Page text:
Louis Vuitton celebrates 20 years of fine watchmaking and marching to the beat of its own Tambour.
Founded in the Victorian era as a trunk-maker that would later go on to dominate the world with a comprehensive range of luxury and lifestyle goods, most notably leather bags, shoes and accessories as well as designer fashion, Louis Vuitton made its official entry into the world of fine watchmaking in 2002 with the launch of the Tambour timepiece. Bold and innovative, it was recognisable at a glance with its unprecedented shape, its round case sculpted from a block of metal, and signature applied horns. This launch opened up the doors to the closed world of haute horlogerie for Louis Vuitton.
Having become a symbol of Louis Vuitton’s watch collection over the years, the Tambour has seen different expressions over time, all the while staying true to its devotion to the Art of Travel, bold creativity, technological innovation and exceptional craftsmanship. With the Tambour Spin Time in 2009, it even reinvented how time is displayed, with rotating cubes instead of clock hands and indexes.
As any respectable, bona fide luxury house would do to maintain creative independence and full ownership when branching out into a new territory, Louis Vuitton legitimised its commitment to watchmaking in 2011 by consolidating some of the world’s most skilled artisans in the art of high-end watchmaking under the roof of its very own workshop La Fabrique du Temps Louis Vuitton in Geneva. In doing so, the Maison incorporated horology into its DNA and has since flourished into a full-fledged player in the field.
Launched in 2014, the Tambour Evolution bore strong, masculine lines with its 45 mm diameter case, whereas the 2016 Tambour Slim, in a Tourbillon version, appeared sleek and discrete on the wrist. With the Tambour Moon model launched in 2017, the Tambour kept its signature round case while reversing its caseband’s curve. Then, in 2020, the Tambour Curve quite literally pushed the boundaries of timekeeping, with its titanium and Carbostratum case; its surprisingly elongated convex curve, and its phenomenal flying tourbillon calibre, stamped with the prestigious Geneva Seal (Poinçon de Genève) – a perfect match between high-complication movement and bold creativity.
In 2021, the Tambour Carpe Diem received the Audacity Prize at the Grand Prix d’Horlogerie de Genève, while the Tambour Street won the Diver’s Watch Prize. Louis Vuitton’s watchmaking has also been closely linked to the connected watch. With this technology, the future is now.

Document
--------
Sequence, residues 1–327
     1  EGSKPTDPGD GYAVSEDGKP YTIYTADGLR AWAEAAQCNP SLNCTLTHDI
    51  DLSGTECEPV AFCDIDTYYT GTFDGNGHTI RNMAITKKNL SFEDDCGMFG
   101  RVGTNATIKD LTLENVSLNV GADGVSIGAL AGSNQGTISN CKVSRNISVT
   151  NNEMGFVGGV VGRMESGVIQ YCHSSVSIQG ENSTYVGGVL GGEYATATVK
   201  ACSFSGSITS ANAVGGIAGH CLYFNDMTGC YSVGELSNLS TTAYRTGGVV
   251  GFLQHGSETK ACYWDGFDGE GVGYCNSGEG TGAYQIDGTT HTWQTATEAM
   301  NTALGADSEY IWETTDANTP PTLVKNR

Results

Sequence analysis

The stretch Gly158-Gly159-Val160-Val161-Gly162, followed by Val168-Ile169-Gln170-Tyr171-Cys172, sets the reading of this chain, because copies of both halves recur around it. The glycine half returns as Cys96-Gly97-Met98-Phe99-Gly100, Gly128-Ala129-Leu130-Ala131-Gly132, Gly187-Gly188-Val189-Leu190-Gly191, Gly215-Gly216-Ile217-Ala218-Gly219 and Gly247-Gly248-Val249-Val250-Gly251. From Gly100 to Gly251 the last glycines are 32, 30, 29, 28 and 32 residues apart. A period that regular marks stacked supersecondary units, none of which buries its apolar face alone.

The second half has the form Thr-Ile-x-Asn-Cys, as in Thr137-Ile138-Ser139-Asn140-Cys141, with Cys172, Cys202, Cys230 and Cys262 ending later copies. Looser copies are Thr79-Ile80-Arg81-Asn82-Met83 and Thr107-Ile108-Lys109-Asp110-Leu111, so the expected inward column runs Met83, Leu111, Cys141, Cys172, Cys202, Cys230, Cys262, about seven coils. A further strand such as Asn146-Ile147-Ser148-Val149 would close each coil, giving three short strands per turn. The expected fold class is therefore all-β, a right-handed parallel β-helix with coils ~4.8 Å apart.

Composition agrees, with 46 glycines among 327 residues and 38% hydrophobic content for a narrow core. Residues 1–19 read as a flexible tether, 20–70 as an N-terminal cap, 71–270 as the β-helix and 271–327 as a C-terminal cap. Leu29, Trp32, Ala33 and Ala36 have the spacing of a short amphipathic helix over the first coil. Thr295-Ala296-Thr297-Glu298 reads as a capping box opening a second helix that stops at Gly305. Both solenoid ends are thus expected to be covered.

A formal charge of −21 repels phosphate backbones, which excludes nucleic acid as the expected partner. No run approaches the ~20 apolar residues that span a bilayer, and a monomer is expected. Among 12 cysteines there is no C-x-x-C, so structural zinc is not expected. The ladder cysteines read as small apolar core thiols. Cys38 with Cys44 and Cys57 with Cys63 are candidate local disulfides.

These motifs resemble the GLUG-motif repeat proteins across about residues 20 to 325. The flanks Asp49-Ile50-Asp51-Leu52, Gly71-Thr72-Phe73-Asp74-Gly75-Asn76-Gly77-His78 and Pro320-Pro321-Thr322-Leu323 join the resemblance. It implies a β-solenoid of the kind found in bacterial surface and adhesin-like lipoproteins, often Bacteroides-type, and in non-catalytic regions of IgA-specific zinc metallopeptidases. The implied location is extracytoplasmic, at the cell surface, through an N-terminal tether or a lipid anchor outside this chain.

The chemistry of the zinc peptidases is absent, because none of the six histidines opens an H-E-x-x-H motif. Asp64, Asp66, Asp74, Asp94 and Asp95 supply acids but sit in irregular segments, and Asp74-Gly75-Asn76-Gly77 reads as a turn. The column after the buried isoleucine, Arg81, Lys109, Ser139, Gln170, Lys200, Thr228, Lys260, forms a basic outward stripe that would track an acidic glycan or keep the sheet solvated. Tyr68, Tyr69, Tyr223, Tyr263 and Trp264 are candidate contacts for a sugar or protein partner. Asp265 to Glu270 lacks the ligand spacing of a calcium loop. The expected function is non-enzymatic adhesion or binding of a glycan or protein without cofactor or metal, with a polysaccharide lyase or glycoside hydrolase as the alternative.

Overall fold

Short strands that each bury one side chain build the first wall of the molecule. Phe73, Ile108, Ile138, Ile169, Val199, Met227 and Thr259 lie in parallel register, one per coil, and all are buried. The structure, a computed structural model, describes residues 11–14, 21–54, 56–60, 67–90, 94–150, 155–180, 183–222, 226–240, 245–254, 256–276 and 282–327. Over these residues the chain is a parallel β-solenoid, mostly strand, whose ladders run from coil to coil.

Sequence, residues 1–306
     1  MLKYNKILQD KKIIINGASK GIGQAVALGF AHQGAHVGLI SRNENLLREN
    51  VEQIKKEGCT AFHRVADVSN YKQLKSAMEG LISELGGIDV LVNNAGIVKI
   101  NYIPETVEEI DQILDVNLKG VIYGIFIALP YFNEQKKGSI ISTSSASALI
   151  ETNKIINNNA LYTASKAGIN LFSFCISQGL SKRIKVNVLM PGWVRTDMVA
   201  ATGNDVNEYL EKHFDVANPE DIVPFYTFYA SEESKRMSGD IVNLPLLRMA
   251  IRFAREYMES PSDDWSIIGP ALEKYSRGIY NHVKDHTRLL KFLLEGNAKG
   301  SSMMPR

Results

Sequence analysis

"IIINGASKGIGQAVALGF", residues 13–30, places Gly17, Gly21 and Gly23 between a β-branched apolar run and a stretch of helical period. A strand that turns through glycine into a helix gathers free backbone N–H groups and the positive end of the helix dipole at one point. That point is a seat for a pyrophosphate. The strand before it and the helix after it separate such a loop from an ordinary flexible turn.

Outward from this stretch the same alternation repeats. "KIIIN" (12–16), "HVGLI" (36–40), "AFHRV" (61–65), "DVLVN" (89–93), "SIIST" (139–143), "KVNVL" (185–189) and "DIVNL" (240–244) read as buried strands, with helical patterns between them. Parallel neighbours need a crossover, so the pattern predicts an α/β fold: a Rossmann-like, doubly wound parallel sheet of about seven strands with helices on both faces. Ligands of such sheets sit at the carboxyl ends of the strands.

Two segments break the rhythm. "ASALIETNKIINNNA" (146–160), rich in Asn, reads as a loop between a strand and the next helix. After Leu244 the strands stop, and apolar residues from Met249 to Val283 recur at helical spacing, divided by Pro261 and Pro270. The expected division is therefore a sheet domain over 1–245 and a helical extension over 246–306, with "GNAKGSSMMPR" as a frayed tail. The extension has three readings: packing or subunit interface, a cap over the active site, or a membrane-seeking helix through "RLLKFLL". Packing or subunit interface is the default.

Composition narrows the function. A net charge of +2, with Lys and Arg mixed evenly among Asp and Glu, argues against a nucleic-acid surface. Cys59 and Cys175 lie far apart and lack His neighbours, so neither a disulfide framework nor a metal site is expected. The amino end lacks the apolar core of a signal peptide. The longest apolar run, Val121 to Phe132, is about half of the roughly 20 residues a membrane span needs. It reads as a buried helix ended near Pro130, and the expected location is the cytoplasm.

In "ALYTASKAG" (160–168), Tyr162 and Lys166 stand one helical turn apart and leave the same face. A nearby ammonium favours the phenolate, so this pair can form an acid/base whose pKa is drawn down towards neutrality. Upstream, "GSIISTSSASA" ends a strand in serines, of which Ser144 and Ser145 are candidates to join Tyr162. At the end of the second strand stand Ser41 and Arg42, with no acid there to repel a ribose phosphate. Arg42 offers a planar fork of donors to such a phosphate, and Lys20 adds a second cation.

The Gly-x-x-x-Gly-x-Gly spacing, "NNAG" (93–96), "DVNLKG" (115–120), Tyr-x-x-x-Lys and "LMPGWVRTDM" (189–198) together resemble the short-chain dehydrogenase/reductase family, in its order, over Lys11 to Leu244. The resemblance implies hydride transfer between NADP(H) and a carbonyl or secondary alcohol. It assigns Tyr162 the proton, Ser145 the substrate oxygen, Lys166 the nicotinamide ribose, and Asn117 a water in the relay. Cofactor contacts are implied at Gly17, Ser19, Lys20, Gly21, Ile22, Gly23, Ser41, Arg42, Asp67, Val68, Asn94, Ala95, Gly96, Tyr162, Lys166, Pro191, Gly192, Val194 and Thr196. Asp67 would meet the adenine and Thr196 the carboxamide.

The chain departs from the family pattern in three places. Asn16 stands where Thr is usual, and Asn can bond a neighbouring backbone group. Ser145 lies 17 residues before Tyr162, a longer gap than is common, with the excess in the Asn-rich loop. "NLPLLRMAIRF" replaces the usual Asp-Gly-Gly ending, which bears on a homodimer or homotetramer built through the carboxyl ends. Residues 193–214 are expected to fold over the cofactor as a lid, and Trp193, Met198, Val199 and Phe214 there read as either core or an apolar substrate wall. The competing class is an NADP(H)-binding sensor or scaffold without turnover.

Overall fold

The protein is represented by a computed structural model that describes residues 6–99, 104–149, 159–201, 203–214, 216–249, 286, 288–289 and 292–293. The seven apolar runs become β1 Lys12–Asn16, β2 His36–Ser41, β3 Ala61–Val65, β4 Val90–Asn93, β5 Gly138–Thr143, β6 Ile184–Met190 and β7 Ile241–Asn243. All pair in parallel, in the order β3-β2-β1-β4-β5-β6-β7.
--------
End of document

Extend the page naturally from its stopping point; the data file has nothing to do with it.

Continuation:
Today, only two short decades since its first foray into watchmaking, Louis Vuitton has proved its deep passion and innovative capacity for watchmaking and made quite a name for itself within the industry. The Maison has already unveiled the third generation of its Tambour Horizon Light Up model. This connected watch is simply revolutionary. Not only is it bright, travel-friendly and playful, but it is also entirely customisable, thus staying true to the Maison’s DNA.
A TWENTY FOR TWENTY YEARS
In celebration of the watch that made all this possible – the iconic Tambour –, La Fabrique du Temps Louis Vuitton has created an exclusive anniversary model: the Tambour Twenty. The limited edition of 200 pieces pays tribute to the original watch by reprising the iconic codes that made it an icon of watchmaking design.
“Watch enthusiasts will recognise all the features that made the Tambour’s design so unique. While this limited edition is a true concentrate of everything that made this watch stand out, it also boasts brand new features that will set it apart for collectors,” says Jean Arnault, marketing and development director of Louis Vuitton watches. “To me, as well as celebrating our anniversary, this watch also paves the way for many future decades of fine watchmaking, staying true to Louis Vuitton’s values of creativity, craftsmanship and excellence.”
The Tambour Twenty boasts the same unique and instantly recognisable case, a nod to the watch’s tambour component which, in English, is known as the “drum”. The timepiece stands out with its deep, flared shape, which gives it a robust and reliable feel. On its iconic 41.5mm diameter case are the twelve letters that make up the name “Louis Vuitton” across the numbers and indexes, just like on the 2002 version. This collector’s edition also features a brown sun-brushed dial, along which the chronograph’s long yellow hand glides – a nod to the thread historically used in leatherwork. The two elegant sub-dials also make a comeback.
The Tambour Twenty, which is water-resistant to 100 metres, keeps time with a LV277 high frequency movement based on the iconic Zenith El Primero, the first automatic chronograph ever. This movement with a 22k gold rotor and 50 hours of power reserve is exact to the tenth of a second.
A true collector’s item, the limited-edition watch is also available with another iconic Louis Vuitton staple: a miniature trunk in Monogram canvas. A tribute to Louis Vuitton’s travel legacy, clients can continue to protect their most precious belongings in cases that will stand the test of time. With that, Louis Vuitton officially establishes its legitimacy as a bona fide haute horloger.
(Images: Louis Vuitton)